It’s been a month now since it began. The national quarantine. The lockdown.
What does it mean? In Italy it means the only reason you can leave your home, besides an emergency, is to get food or go to the pharmacy. If you have a dog you can take it for a walk, but you must stay within 200 metres of your house.
If you’re an athlete, it means doing all your training in your living room and if, like me, you live alone, it means you haven’t met anyone for a month.
It’s weird. It’s sad.
They often say on the news that we’re in a war, but I don’t like that description. In a war, you have bombs dropping over your head, but I get why they say it now: this is the first time in most of our lives that we’ve had our freedom restricted.
I live in Monza, a city of about 120,000 people just north of Milan. It’s in Lombardia, the region of Italy that’s had the most deaths, where almost 10,000 people have died with Covid-19.
I moved here three months ago to prepare for the Olympics with a new coach and my family is 300 kilometres away. My boyfriend also lives in another city, so I won’t see any of them again until the lockdown is lifted.
Monza is not far from Bergamo and Brescia, two of the worst-affected cities, where hospitals are completely overwhelmed and where those who die don’t even get a funeral. You watch those images on television of the coffins being removed and it shocks you.
Even if you, personally, don’t know anyone who lost their life, it hits you that it could be somebody you know next: people who are supposed to live.
If you do have to go out on the streets, it feels scary. You feel people are watching you, as if you’re not allowed to be there. It makes you anxious and sad, so very sad.
We Italians, we live on the streets. It's part of our culture.
In the evenings we go out with friends, have pizza in the local squares and, at this time of year, the bars and restaurants are usually full. But right now Monza is a ghost town. Everywhere is.
I don’t know anybody who contracted the coronavirus, but the problem here is they can’t keep up with testing so it's hard to know for sure. A friend’s mother had all the symptoms but she couldn’t get tested, and that’s a big issue. They can collect the samples but there aren’t enough laboratories and equipment to do the tests.
Over the past week, though, we finally saw some light on the horizon. The death rate is starting to drop. We hope things will continue to improve, but we just don’t know. All we can do is follow the rules and wait.
How do I pass the time? In the morning I do exercises in my apartment and in the afternoons I study – I joke with friends that it took the coronavirus for me to finally get my degree. I’m in my third year of a degree in food science and technologies and I’ve never studied so much in my life.
I’ve also never spent so much time on Skype. It’s funny: all these people you haven’t met in 10 years, popping up and saying, ‘let’s catch up on a video call!’
Until a couple of weeks ago, athletes preparing for the Olympics still had permission to use a local track and that was a saviour. I’d go there with my coach, respect all the rules of hygiene and social distancing, then we’d keep training with Tokyo in mind. But once the Olympics were postponed, that facility was taken away.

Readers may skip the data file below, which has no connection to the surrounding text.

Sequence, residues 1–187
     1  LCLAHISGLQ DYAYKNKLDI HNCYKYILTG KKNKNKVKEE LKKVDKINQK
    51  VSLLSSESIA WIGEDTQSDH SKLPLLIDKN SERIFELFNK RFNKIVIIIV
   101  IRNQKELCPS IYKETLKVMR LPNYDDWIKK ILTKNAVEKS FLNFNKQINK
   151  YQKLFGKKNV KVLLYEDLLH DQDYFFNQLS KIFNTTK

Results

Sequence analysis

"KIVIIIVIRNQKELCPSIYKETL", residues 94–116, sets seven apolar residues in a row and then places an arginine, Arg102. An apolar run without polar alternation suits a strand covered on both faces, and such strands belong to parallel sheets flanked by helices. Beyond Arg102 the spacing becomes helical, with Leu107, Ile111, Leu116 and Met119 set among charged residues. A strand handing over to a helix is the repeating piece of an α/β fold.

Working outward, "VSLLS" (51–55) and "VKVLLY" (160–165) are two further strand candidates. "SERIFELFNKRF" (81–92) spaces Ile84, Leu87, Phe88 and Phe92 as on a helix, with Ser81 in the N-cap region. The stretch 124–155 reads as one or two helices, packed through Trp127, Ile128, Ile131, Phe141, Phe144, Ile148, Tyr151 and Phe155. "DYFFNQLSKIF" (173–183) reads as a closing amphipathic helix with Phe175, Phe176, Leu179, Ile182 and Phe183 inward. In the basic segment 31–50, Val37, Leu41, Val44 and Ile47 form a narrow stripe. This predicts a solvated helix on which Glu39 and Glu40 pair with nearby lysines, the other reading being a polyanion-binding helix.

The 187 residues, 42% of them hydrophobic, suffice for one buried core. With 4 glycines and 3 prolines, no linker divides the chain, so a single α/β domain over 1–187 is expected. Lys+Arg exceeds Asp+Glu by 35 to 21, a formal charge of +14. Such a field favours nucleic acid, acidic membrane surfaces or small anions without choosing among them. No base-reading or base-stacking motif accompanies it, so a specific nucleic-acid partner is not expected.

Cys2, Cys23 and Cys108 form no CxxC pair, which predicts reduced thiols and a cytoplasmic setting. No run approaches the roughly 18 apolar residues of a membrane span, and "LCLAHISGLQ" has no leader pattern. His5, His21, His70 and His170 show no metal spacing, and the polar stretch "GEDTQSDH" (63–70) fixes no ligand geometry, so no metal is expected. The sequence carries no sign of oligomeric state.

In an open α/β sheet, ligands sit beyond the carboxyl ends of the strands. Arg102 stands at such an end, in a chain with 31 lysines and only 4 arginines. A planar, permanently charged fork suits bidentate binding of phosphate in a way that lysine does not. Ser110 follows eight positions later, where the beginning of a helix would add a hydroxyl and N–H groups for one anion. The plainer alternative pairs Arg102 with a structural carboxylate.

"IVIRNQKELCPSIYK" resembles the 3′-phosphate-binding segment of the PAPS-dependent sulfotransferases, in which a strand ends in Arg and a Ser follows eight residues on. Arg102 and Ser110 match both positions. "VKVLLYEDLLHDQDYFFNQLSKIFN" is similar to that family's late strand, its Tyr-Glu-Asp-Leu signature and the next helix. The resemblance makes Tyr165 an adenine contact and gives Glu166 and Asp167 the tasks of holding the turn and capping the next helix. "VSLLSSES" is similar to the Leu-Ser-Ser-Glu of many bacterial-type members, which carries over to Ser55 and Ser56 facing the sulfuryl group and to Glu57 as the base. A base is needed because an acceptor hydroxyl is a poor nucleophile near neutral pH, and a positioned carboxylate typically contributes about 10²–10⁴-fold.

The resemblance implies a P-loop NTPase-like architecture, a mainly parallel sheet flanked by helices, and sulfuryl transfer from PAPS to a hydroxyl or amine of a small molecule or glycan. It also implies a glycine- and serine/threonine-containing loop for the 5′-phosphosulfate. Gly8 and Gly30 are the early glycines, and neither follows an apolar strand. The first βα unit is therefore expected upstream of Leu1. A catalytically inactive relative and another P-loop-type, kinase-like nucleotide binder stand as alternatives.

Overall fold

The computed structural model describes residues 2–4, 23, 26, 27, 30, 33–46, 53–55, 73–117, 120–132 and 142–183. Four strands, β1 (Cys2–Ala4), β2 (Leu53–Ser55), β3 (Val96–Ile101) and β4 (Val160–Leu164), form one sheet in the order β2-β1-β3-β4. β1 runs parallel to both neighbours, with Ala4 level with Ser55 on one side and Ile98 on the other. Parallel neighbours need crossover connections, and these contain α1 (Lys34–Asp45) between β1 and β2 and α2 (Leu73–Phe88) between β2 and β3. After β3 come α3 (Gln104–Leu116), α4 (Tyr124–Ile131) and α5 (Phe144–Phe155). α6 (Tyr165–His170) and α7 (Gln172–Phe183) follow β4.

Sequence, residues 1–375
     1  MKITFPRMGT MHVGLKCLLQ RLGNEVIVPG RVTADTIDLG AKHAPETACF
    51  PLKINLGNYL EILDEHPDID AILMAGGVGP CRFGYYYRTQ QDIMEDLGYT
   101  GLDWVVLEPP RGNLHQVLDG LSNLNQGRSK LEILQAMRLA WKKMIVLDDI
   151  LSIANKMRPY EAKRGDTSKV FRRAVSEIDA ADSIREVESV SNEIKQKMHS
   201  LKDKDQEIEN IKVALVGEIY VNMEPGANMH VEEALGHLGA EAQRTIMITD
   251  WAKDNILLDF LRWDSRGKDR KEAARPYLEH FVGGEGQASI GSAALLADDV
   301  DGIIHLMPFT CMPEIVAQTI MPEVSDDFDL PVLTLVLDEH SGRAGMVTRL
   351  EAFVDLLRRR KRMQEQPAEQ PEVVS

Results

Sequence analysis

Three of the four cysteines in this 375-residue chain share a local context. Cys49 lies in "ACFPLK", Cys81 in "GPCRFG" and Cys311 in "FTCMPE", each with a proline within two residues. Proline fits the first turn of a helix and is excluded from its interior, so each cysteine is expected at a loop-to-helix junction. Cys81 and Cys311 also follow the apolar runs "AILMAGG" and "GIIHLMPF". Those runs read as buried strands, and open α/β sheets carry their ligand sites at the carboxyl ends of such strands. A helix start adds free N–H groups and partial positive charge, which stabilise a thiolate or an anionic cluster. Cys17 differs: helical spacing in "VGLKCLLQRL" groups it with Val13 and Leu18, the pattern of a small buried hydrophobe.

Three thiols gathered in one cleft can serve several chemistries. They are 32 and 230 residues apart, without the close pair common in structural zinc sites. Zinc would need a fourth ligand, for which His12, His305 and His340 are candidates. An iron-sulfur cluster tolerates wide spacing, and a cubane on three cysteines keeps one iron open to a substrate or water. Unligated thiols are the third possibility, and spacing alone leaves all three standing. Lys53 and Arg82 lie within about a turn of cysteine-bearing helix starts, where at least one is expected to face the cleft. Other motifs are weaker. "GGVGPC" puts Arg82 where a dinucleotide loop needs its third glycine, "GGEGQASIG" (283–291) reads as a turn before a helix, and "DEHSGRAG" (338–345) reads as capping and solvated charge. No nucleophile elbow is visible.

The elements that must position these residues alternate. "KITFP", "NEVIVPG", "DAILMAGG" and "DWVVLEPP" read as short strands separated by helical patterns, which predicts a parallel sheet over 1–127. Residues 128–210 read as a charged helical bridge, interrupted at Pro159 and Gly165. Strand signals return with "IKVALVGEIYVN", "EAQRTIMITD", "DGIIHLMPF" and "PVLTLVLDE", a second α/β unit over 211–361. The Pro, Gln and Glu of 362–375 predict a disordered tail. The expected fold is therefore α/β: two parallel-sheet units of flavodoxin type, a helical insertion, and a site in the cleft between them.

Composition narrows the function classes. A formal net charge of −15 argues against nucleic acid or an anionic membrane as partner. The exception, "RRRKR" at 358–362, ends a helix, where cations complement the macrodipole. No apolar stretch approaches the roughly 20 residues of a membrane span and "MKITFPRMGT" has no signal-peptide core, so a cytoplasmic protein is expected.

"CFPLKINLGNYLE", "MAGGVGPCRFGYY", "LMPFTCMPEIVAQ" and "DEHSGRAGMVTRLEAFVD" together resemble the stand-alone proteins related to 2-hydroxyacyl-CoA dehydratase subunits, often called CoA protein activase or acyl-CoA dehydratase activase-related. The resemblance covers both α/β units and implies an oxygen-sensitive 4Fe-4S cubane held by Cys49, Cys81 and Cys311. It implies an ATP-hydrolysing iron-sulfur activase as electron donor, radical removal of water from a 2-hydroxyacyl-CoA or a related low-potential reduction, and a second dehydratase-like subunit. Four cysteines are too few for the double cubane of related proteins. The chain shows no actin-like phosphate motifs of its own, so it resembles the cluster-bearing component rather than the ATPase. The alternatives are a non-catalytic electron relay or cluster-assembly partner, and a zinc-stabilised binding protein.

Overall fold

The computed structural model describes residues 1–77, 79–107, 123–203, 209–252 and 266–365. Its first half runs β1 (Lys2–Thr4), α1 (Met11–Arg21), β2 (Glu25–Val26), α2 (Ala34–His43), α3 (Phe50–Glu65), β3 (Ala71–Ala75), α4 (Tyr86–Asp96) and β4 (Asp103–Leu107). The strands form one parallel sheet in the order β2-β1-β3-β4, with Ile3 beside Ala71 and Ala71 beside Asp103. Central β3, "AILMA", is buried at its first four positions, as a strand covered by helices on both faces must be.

Now, like many around the world, we can train only at home.
My apartment is too small to do proper training so I just do general conditioning like abdominal exercises. To train for the high jump you need space to run and do drills, but when the lockdown started we had some issues with runners who continued on as normal. Other people would see them and say, ‘why can they go and we need to be home?’ I might want to go out on the street to do drills, but I know what they’d say: ‘It’s because of you we’re not getting better!’
Over the past two weeks, our whole year has changed. First there was the Olympic postponement, then the decision that all qualification is now suspended until December.
I had mixed feelings when I heard the news. The emotional part of me was clinging to the hope of competitions at the end of the summer to secure Olympic qualification and when they announced that they wouldn’t count I was like, ‘why am I training?’
But the rational part of me knows it was the right decision because we have no doping controls during this period and, when you look at the big picture, we still have one more year to get the standard. It’s plenty of time.
We’re lucky that for now, the European Championships are still on the schedule in late August. It’s a light that keeps us motivated. The Olympics are also there, one year down the line, and we have time now to go back to basics, to become even better athletes in 2021.
There are other positives in all of this. It made me see things differently, to appreciate what’s around me.
Normally everyone is so focused on their own life – what you’re working for, your family, your friends – but now I also spend time watching what’s around me.
I see the importance of things that connect people. Although I don’t believe in God, I've learned to see the the value of religion in Italy: people need a community they can share the pain, the experiences and the happy moments with. But it can be any other kind of modern religion like sport, music, friends singing together, or just playing a game on Zoom.
Where I live, there are guys who play guitar every evening at 6pm and it makes everyone in the neighbourhood feel part of something.
Italians love mixing with those around them and it's hurting everyone that we can't do that right now, but this crisis has brought out a different and very powerful sense of community. We may be kept apart, but for the first time in my life, I feel we are all connected.